Most recently, Coulter acted out in a paycheck induced outrage on Sean Hannity’s show. She went on to suggest that since the New York Journal news published a list of gun owners, then they should publish a list of people who have had abortions so that people would know who would “murder a child.” Despite what your or my opinion is on gun ownership or abortion, this statement is incredibly stupid for the sake of filling empty space. In New York, gun records are public, and obviously abortion records are not. But yet, this haggard saltine cracker will receive yet another paycheck for just saying words, regardless of their validity.
So a while back I had expressed my utmost faith that our Congressional leaders would reach a deal on the “fiscal cliff,” stating that surely they aren’t crayon eating morons that need to wear styrofoam suits so they don’t hurt themselves. Well, it looks like Mitch McConnell is in the kitchen whipping up a Crayola salad because the deadline will pass with no deal voted on.
It doesn’t mean much, as a deal could be voted on tomorrow. Also, “fiscal cliff” is just a term that news networks overplay in an effort to boost viewership and sell advertising time so that they can keep bringing you stories about old white men not doing their job. But still, inaction in Congress is becoming too normal. Why didn’t anyone think to rename it the “abortion cliff”? Or we could’ve told Lindsey Graham that every minute he delays a vote, an illegal immigrant gets one step closer to the border. You know, get their attention, because the issues of middle and lower class citizens have been off of their radar for along time.
To end the night, I wanted to talk about Kay Bailey Hutchison on MSNBC today saying that we need to look at “XBox 360 and Wii” when it comes to violence. First off, why do politicians always refer to videogame names like they’re a cousin that the family disowned in the mid 70’s. Second off, this attempt to keep blaming media violence is making me so angry because it shows how out of touch these old decrepit mummies are who we elect to govern. We already addressed this, it’s called a ratings system. Every form of entertainment has it, and it tells you exactly what’s in that form of entertainment that could be offensive.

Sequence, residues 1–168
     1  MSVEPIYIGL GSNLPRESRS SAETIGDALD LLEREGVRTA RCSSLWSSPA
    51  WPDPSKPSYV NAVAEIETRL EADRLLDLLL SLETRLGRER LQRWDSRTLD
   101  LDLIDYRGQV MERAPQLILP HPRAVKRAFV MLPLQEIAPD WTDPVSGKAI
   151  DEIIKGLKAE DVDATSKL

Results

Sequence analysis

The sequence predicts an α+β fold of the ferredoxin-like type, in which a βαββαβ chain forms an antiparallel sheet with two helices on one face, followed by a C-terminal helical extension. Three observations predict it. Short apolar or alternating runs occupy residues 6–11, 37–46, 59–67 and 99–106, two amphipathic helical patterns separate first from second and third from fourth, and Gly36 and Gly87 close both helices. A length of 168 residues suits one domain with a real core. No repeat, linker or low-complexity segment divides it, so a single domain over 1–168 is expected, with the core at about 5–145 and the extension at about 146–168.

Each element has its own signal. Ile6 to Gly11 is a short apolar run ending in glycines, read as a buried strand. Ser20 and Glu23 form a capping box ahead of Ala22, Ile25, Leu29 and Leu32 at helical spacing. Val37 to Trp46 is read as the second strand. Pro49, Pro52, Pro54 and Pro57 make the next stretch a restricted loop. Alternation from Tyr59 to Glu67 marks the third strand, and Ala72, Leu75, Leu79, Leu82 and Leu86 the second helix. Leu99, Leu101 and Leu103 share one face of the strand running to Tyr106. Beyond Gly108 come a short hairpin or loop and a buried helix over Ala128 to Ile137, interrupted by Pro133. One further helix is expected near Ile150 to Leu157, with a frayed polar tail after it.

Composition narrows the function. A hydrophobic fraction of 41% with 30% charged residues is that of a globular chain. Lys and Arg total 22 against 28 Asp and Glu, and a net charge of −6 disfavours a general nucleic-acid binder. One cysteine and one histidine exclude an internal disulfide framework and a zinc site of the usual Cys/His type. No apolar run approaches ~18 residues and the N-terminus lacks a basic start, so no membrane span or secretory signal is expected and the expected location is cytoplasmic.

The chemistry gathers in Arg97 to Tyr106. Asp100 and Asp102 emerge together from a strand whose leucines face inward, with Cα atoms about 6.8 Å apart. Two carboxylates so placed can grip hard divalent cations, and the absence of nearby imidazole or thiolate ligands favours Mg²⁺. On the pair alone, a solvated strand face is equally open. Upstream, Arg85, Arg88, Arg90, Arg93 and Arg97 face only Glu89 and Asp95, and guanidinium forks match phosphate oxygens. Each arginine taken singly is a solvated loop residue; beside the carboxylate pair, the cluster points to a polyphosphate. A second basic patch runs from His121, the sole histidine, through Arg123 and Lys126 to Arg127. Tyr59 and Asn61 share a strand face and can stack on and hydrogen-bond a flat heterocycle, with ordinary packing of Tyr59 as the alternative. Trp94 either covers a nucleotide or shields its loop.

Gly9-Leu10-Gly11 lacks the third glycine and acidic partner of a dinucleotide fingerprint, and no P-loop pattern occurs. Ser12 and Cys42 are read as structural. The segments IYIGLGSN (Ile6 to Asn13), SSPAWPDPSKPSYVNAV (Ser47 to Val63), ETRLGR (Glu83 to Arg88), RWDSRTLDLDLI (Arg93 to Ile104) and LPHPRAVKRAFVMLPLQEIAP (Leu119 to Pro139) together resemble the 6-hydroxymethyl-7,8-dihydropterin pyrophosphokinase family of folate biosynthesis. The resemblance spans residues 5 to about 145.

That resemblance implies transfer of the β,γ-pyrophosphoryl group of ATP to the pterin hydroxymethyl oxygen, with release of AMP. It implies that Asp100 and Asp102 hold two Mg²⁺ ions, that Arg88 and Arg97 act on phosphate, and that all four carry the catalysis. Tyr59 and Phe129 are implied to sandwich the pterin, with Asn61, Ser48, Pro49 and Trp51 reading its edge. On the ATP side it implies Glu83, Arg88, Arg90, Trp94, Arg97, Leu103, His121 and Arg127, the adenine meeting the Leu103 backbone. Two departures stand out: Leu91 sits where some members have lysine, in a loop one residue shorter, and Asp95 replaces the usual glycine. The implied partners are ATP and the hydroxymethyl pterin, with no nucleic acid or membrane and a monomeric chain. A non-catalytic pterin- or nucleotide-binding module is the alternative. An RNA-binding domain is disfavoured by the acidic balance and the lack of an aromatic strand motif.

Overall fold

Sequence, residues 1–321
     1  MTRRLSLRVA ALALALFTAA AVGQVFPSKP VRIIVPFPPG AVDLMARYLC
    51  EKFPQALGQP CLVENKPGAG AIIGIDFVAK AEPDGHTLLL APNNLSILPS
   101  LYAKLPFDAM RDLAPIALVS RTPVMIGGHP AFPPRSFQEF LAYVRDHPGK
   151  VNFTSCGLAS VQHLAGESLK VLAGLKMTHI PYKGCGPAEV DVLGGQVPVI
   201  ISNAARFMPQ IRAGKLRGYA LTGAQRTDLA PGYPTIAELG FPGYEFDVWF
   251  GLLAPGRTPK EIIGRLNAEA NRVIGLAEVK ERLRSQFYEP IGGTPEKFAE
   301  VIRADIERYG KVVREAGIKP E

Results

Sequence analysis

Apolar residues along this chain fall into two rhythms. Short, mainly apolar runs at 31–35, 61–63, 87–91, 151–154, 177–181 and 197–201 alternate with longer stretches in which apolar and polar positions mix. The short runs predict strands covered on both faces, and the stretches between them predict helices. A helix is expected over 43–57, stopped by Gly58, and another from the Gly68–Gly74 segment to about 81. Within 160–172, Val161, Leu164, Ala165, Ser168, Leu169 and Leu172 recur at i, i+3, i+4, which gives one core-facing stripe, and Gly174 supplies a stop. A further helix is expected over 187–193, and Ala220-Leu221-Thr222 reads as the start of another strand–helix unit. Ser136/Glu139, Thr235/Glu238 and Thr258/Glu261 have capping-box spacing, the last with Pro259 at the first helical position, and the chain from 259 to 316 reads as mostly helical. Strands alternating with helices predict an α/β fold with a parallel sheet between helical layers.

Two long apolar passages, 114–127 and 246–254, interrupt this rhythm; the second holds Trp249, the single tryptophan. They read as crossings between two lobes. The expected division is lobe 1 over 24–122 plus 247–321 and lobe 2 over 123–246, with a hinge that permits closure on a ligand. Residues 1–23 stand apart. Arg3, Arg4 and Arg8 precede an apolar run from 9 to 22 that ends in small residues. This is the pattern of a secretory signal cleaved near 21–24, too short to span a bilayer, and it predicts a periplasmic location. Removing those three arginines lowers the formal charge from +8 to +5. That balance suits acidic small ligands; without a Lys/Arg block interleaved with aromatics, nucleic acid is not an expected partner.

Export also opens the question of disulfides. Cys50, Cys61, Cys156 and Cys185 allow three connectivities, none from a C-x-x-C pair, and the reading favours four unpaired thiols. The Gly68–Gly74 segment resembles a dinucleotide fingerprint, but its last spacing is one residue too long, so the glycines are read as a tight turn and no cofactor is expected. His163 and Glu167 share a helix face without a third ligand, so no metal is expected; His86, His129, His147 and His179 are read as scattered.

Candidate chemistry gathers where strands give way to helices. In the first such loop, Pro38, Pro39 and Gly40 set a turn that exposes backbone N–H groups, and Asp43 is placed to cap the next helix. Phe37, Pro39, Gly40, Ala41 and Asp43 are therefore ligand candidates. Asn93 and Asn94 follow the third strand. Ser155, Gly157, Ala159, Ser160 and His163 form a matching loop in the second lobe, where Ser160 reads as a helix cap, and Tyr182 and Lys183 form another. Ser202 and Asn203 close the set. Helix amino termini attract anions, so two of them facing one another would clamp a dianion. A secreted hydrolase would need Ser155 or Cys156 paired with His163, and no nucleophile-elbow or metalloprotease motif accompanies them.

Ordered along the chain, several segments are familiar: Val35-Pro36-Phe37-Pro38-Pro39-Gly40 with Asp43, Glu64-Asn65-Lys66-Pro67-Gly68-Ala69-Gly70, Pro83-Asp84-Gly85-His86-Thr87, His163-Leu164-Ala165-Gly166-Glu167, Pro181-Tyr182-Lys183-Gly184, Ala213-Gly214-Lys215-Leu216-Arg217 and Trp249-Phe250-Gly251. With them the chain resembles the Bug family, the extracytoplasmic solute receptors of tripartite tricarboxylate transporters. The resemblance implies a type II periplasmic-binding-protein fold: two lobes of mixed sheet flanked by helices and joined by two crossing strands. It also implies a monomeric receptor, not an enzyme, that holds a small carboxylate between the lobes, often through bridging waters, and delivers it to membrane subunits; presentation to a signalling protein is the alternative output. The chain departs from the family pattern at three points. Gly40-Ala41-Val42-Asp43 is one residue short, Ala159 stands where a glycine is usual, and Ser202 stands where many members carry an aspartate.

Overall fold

These officials are so behind everything, but it’s not surprising since the last form of entertainment that most of these relics of time participated in was candy cigarettes and trying not to catch meningitis from the local swimmin’ hole.
Stop me if you’ve heard this one – a political columnist, a music critic, a ballerina, and a failed congressional candidate walk into a bar … wait, that’s a different joke. What I’m actually talking about is MSNBC’s “The Cycle,” hosted by the aforementioned four. If you aren’t aware, “The Cycle is a political commentary show that MSNBC is using as a fancy dress to make the audience think that the channel is hip. It comes with the complete package of stale, saltine humor and all the Florence and the Machine songs you could want as transitions into commercials for hedge funds and insurance companies.